Report: Greenhouse gas funds save $1.5m in NH energy
DURHAM – Money collected by the state’s greenhouse gas emission fund generated an “actual, verified” saving of $1.5 million in energy costs for businesses, communities and residents in its first year, according to a report issued by the University of New Hampshire’s Carbon Solutions New England.
The report claims the lifetime savings from the $17.7 million awarded so far from the fund are projected to be $60.6 million in energy costs based on current energy prices.
The grants use money collected from the Regional Greenhouse Gas Initiative, a 10-state program that New Hampshire joined three years ago. Under what is known as a cap-and-trade system, the money is paid by companies, usually utilities such as PSNH, which bid for the right to emit carbon pollution while generating electricity.
Many in the state Legislature want New Hampshire to leave the program because they say it adds too much to energy costs.
The report covers the period from July 2009 through June 2010. It claims that for every dollar invested by GHGERF, there will be a return of $3.42 in energy savings over the lifetime of the projects.
“The GHGERF program has invested in a wide range of projects essential for enhancing energy efficiency and providing the foundation for the state to implement key recommendations of the New Hampshire Climate Action Plan,” says CSNE director Cameron Wake, a co-author of the report and research associate professor at the UNH Institute for the Study of Earth, Oceans and Space.
The GHGERF was created by state legislation in 2008 and derives its funding from New Hampshire’s participation in the Regional Greenhouse Gas Initiative or RGGI – a regional cap-and-trade program that specifically targets carbon dioxide emissions from fossil fuel electric power generation.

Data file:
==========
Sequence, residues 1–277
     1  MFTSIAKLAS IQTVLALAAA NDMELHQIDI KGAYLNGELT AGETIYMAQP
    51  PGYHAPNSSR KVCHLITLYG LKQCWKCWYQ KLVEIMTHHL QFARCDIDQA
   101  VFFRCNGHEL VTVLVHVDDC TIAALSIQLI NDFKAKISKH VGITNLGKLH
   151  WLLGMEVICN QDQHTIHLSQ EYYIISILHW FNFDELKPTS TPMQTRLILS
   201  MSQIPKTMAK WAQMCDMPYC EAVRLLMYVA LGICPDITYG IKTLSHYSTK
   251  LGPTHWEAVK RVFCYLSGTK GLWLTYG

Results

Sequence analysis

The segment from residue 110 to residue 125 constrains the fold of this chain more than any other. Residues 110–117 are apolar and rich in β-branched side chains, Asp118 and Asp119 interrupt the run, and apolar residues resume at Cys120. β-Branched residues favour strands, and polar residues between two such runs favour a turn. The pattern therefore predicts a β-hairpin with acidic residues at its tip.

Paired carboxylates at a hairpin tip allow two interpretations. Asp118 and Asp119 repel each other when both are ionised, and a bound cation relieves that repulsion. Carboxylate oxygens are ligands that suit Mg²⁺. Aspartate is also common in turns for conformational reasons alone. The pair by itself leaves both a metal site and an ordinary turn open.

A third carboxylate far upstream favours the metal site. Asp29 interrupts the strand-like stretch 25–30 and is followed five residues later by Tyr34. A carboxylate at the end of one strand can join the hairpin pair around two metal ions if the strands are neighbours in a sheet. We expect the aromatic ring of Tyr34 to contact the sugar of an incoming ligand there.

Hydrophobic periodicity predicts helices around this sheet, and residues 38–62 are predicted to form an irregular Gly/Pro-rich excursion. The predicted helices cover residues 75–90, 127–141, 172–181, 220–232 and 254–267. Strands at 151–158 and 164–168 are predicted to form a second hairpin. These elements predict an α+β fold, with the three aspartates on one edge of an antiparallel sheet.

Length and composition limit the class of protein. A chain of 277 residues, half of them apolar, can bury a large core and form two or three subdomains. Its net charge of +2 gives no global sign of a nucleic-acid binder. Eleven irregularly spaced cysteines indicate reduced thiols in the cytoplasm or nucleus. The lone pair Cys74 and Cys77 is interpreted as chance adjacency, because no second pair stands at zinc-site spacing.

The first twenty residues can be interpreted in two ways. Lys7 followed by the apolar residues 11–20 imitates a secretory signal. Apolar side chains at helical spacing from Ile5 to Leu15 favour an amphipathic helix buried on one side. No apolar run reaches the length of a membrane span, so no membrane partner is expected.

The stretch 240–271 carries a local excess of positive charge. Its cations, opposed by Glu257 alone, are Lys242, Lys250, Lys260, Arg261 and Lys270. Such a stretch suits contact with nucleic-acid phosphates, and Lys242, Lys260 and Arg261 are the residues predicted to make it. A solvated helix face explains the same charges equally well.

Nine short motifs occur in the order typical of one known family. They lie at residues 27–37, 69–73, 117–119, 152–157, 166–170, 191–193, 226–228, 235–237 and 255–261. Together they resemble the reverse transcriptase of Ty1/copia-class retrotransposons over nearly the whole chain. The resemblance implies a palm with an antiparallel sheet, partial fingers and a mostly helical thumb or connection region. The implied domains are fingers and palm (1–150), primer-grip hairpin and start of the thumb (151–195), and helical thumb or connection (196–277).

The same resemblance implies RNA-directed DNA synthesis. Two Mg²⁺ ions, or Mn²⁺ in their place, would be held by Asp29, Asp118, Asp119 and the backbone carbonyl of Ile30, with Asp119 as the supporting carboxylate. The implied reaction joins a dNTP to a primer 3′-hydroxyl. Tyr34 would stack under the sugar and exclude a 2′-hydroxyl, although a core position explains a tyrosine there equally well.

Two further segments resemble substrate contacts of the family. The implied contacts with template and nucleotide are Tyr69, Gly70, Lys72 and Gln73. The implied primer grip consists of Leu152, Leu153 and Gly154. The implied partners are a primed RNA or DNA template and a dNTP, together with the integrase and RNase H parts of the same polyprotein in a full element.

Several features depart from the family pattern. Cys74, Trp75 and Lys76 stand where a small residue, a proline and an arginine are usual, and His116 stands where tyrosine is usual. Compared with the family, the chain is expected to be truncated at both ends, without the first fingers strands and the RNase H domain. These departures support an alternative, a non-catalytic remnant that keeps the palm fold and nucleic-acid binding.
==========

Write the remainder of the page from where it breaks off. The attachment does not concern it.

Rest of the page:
RGGI creates a market for carbon dioxide emissions, and New Hampshire emissions allowances are sold at quarterly auctions. Proceeds paid into the GHGERF are administered by the N.H. Public Utilities Commission.
In 2009, the PUC competitively awarded 30 grants for a total of $17.7 million to support programs and projects that directly and indirectly supported the reduction of fossil fuel-based energy. The grants went to an array of public, private and nonprofit entities and program types and served a wide range of energy consumers, many whom are not covered by traditional utility-operated energy-efficiency programs. Approximately 80 percent of the funds went to activities that directly reduce energy use.
Carbon Solutions New England is a public-private partnership based at UNH and works to promote collective action to achieve a clean, secure energy future while sustaining the region’s unique natural and cultural resources.
To view the full report, visit www.puc.nh.gov/Sustainable%20Energy/GHGERF.htm and scroll down to the links under “Greenhouse Gas Emissions Reduction Fund – Year 1 Evaluation (July 2009-June 2010).”